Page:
Welcome to this week’s Math Munch!
Yes, you read it right – Matt is a math stand-up comedian. Matt does stand-up comedy routines about mathematics at schools and math conferences in the United Kingdom. In fact, he and several other mathematicians and teachers have started an organization called Think Maths that sends funny and entertaining mathematicians to schools to get kids more excited about math. He also does podcasts and is writing a book! Cool!
Here are two of my favorite videos from Matt’s channel. The first is a problem involving a sleeping princess and a sneaky prince. I haven’t solved the problem yet – so, if you do, don’t give away the answer![youtube http://www.youtube.com/watch?v=nv0Onj3wXCE&feature=plcp]
In the second, Matt shows you how to look like you know how to solve a Rubik’s cube and impress your friends. And it teaches you some interesting facts about Rubik’s cubes at the same time.[youtube http://www.youtube.com/watch?v=aPD_OkjnCqU&feature=plcp]
We’ve dug deep into the world of cool, mathy videos – but how about cool, mathy radio? Personally, I love radio. And I love math – so what could be better than a radio podcast about math?
Check out this new series of podcasts about mathematics by Samuel Hansen. It’s called Relatively Prime. The first episode has just been released! It’s about the fascinating (and a little scary) topic of the three mathematical tools that you’ll need to survive, in Samuel’s words, “the coming apocalypse.” And what are these tools? Game theory, the mathematics of risk, and geometric reasoning. How will these mathematical ideas help you? Well, listen to the podcast and find out! The podcast features interviews with many mathematicians, including Edmund Harris (who we wrote about in April) and Matt Parker.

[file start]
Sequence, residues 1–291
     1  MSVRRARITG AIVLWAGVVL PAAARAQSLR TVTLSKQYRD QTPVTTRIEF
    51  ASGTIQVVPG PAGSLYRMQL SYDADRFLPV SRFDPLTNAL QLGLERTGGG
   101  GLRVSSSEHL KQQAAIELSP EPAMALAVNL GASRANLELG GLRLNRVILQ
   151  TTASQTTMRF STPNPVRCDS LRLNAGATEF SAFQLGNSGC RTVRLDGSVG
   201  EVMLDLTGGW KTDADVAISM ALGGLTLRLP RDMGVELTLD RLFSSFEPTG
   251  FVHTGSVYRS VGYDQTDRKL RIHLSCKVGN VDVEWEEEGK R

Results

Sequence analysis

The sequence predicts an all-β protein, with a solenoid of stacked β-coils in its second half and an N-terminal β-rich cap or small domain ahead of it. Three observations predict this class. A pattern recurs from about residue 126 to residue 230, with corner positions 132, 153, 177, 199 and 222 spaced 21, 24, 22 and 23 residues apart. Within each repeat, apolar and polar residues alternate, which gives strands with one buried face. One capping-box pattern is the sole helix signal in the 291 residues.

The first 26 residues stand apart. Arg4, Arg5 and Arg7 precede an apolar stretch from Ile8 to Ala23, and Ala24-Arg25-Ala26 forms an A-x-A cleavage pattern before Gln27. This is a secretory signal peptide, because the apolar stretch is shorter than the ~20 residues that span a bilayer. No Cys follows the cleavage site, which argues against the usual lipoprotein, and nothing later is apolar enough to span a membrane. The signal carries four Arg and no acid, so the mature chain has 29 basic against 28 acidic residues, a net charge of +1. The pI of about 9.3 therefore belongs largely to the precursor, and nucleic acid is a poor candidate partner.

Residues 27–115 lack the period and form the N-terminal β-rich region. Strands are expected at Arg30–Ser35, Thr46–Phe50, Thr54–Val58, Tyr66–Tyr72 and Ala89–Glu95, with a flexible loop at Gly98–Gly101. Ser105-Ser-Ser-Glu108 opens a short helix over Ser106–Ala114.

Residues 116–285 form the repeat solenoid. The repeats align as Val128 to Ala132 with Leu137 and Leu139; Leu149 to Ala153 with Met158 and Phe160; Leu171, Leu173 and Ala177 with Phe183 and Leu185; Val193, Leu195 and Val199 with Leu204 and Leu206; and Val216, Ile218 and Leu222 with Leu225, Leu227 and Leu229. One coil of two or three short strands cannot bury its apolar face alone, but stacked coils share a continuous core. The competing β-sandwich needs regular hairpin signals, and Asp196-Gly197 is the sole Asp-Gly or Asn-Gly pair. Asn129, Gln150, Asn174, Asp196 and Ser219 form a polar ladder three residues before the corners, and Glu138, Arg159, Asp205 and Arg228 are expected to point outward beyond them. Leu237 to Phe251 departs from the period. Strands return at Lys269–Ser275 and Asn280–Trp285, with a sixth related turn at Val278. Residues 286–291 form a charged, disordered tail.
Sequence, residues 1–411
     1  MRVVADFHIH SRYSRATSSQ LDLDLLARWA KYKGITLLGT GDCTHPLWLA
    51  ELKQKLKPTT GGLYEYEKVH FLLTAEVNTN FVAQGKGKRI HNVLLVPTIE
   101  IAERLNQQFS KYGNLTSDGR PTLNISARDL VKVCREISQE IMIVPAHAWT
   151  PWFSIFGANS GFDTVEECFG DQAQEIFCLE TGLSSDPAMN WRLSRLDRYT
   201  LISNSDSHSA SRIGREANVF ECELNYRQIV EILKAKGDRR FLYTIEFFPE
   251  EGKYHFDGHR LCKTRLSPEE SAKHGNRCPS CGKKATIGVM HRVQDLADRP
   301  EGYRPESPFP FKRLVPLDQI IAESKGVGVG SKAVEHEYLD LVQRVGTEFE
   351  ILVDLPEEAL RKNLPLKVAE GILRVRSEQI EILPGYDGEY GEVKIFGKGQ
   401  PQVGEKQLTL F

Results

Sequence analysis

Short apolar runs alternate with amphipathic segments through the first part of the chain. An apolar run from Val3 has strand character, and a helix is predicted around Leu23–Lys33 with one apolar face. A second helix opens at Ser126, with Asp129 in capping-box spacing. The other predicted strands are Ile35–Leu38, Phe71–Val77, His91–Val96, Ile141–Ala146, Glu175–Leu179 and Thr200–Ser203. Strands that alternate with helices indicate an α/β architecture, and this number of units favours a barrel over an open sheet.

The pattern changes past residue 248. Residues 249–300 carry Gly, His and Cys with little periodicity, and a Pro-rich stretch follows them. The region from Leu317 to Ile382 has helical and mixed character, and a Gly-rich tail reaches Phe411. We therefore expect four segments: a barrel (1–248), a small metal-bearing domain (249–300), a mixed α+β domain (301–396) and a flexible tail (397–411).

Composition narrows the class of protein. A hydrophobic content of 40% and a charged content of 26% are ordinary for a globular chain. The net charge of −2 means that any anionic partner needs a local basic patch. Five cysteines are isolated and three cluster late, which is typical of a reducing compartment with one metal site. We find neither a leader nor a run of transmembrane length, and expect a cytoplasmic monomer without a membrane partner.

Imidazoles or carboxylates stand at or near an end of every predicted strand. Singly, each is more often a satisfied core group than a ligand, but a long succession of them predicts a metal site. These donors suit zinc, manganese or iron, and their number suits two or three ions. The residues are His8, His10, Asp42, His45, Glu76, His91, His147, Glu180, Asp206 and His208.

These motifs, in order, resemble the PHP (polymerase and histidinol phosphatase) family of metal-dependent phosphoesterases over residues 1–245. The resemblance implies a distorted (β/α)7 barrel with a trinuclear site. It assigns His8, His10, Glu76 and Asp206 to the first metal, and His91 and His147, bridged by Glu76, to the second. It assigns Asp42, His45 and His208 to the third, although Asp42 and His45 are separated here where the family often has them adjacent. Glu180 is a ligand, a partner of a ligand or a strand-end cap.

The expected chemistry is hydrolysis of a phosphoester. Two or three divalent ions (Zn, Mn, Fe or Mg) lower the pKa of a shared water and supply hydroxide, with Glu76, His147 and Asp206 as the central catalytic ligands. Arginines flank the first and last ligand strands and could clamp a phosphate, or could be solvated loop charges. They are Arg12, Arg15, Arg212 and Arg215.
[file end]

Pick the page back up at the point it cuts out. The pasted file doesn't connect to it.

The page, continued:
I especially like this podcast because it gives some good answers to the question, “What can mathematics be used for?” Even though I love doing math just for fun, I sometimes wonder how math can be used in other subjects and problems I might face in my life outside of math. If you wonder this sometimes, too, you might like listening to this podcast.
We had the opportunity to interview Samuel about mathematics and the making of Relatively Prime. Check out the interview on the Q&A page.
Finally, talking about the apocalypse (and the uses of math) makes me think about alien encounters. What are the chances that there’s an intelligent alien civilization out there? There are a lot of factors that go into answering this question – such as, what are the chances that a planet will develop life? The evaluation of these chances is largely a matter of science, as is actually contacting aliens. But math can be used to come up with a formula that tells us how likely it is that we’ll encounter aliens, given the other chances and how they relate to each other.
The equation that models this is called the Drake Equation. It was developed in 1961 by a scientist named Dr. Frank Drake and has been used by scientists ever since to calculate the chances that there are intelligent aliens for us to talk to. The equation is particularly interesting because small changes in, say, the number of stars that have planets, can drastically change the chance that we’ll encounter aliens.
Want to play with this equation? Check out this awesome infographic about the Drake Equation from the BBC. You can decide for yourself the chances that a planet will develop life and the number of years we’ll be sending messages to aliens or use numbers that scientists think might be accurate.
Bon appetit! And watch out for aliens. If my calculations are correct, there are a lot of them out there.